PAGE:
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Funded Studies

Mirtazapine as a Treatment for Pathological Gambling

Pramipexole (Mirapex®) is a drug that is effective at alleviating movement deficits associated with Parkinson’s disease. However, pramipexole can induce compulsive behaviors and behavioral addictions, such as problem gambling, in some patients. Mirtazapine, an atypical antidepressant reduces the effects of drug addiction in pre-clinical models and in humans. This study aims to determine if mirtazapine can reduce pramipexole-induced gambling-like behavior in a model of PD, while leaving the motor benefits intact.

Project Description:
The PD models will be implanted with small wires into the reward system of the brain, and they will be trained to press a lever to receive a stimulation reward. The models will learn that pressing one lever results in a small reward (low stimulation current) delivered with 100% probability, and another lever will result in a larger reward, but delivered with varying lower probabilities. Choosing the larger reward when its probability is low (for example, 10%) is considered risky, gambling-like behavior. This way we will measure gambling-like behavior following pramipexole administration in models with and without mirtazapine.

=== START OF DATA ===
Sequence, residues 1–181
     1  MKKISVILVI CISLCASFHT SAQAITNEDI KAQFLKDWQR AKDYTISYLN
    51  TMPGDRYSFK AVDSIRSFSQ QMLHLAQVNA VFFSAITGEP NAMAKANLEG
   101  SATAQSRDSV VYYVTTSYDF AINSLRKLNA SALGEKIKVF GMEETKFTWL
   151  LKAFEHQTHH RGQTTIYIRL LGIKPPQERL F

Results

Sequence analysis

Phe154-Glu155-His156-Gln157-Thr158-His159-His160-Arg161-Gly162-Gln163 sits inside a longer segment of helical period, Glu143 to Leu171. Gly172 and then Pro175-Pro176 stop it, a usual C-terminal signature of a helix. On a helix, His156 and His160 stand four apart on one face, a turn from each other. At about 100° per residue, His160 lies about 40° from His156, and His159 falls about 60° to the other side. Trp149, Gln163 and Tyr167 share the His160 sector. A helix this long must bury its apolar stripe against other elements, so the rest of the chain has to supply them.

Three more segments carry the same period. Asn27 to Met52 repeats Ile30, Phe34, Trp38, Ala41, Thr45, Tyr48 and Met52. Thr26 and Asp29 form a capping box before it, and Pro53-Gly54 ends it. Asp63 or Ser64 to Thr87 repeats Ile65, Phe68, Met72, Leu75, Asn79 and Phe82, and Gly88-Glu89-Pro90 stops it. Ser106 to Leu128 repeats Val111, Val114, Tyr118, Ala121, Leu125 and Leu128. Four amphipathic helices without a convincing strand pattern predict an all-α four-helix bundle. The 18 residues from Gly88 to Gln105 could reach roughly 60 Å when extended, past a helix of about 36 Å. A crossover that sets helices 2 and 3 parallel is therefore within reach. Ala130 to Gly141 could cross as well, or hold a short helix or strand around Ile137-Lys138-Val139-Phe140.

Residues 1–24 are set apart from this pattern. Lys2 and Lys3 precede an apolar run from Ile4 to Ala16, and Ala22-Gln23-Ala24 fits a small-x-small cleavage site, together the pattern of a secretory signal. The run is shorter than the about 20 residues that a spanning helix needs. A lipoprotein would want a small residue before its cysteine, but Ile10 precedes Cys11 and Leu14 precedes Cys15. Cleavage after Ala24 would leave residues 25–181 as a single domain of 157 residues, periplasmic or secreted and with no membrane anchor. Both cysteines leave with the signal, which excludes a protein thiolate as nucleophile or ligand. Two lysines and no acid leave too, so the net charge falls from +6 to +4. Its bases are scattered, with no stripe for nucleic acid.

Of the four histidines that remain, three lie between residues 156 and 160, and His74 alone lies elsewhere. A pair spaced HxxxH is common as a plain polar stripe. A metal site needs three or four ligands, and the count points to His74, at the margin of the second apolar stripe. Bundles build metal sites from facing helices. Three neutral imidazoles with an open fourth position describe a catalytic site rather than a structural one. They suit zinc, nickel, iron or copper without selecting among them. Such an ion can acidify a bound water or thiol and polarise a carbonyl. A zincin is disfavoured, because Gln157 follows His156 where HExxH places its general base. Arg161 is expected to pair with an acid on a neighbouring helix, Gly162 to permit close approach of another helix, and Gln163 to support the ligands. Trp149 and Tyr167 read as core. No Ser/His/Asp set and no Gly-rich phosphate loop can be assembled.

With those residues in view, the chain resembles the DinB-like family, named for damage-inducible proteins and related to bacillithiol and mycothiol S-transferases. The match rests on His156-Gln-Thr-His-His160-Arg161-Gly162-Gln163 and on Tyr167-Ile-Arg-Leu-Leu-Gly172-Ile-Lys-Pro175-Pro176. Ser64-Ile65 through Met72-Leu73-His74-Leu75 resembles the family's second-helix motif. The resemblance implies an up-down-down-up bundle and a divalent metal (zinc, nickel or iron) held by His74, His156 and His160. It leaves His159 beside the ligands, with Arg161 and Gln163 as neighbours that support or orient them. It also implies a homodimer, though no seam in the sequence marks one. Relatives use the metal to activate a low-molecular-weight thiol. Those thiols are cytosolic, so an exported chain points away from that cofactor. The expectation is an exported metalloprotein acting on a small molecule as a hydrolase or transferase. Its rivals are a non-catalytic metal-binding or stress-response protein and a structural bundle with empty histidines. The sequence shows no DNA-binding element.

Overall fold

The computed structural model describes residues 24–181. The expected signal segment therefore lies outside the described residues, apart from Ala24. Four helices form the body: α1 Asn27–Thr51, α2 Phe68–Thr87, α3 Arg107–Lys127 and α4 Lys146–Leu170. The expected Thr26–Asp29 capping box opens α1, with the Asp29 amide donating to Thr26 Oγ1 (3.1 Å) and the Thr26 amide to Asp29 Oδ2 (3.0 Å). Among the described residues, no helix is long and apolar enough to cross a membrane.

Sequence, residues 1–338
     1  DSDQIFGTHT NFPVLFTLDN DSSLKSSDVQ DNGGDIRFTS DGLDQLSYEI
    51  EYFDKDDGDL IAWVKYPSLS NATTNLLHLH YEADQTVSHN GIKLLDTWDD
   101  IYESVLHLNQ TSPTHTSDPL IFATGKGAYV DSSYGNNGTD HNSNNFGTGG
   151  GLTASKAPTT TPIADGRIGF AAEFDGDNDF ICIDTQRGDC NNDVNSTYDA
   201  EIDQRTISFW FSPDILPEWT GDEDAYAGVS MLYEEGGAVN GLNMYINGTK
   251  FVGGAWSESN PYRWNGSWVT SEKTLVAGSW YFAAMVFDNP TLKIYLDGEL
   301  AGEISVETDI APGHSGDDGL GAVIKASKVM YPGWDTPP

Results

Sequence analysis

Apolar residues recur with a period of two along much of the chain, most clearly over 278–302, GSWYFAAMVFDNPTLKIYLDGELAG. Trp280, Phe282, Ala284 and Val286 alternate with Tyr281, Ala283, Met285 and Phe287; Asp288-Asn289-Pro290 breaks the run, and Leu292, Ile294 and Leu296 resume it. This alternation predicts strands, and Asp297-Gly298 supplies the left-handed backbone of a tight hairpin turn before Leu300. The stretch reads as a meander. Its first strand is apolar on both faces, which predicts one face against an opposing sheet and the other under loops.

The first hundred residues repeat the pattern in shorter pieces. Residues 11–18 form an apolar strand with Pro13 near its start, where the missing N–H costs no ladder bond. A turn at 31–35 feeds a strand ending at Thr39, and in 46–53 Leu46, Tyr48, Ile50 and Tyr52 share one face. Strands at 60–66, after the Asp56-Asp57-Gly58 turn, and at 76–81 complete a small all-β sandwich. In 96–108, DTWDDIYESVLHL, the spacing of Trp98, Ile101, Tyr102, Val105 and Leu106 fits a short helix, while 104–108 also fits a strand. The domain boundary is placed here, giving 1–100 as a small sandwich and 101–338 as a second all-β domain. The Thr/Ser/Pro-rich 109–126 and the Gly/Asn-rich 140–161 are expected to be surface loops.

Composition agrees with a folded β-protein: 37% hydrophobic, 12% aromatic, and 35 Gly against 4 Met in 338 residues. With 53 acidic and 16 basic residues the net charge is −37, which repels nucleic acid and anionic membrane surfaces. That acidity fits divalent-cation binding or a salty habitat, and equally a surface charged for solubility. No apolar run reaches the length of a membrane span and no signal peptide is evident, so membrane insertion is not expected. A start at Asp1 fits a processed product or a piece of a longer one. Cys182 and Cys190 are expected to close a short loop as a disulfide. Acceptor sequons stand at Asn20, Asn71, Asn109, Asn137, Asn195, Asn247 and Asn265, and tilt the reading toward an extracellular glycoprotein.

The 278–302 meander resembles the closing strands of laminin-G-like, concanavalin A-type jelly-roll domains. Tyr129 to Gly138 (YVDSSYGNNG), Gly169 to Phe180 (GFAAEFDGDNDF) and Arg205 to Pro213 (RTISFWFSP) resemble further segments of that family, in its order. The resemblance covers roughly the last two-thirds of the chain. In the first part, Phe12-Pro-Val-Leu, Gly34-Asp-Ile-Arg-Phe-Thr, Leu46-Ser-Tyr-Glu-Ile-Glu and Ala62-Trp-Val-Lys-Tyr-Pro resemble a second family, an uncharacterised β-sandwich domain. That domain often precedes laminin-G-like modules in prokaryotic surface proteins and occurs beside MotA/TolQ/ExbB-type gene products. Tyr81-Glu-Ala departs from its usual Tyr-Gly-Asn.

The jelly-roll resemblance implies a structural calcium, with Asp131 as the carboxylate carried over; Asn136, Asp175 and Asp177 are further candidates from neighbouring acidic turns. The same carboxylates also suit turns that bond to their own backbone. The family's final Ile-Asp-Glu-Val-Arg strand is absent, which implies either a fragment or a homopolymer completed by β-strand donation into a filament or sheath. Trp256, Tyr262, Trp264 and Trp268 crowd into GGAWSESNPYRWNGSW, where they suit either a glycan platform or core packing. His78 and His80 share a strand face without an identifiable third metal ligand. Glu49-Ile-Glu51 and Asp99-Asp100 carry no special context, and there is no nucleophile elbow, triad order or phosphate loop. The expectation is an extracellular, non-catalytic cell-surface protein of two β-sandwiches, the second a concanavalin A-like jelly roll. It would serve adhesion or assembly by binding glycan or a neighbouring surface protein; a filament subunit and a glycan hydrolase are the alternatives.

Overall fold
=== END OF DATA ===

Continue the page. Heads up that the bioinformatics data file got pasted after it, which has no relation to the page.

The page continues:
Relevance to Diagnosis/Treatment of Parkinson’s Disease:                     
Parkinson’s patients that are treated with pramipexole and exhibit compulsive behaviors, such a problem gambling, are often taken off this drug and cannot benefit from its therapeutic effects.  This study may show that concurrent treatment with mirtazapine in these patients can allow them to benefit from movement enhancing effects of pramipexole without the compulsive behavioral side effects.

Anticipated Outcome:          
We predict that pramipexole will improve motor deficits in the models and also increase gambling-like behavior. We also predict that mirtazapine will reduce gambling-like behaviors but not the motor improvements. These experiments may enhance our understanding of how pramipexole acts to increase compulsive behaviors in some Parkinson’s patients, and may lead to more effective treatments for this side effect.


  • Nathan A. Holtz

    Chicago, IL United States

  • T. Celeste Napier, PhD

    Chicago, IL United States

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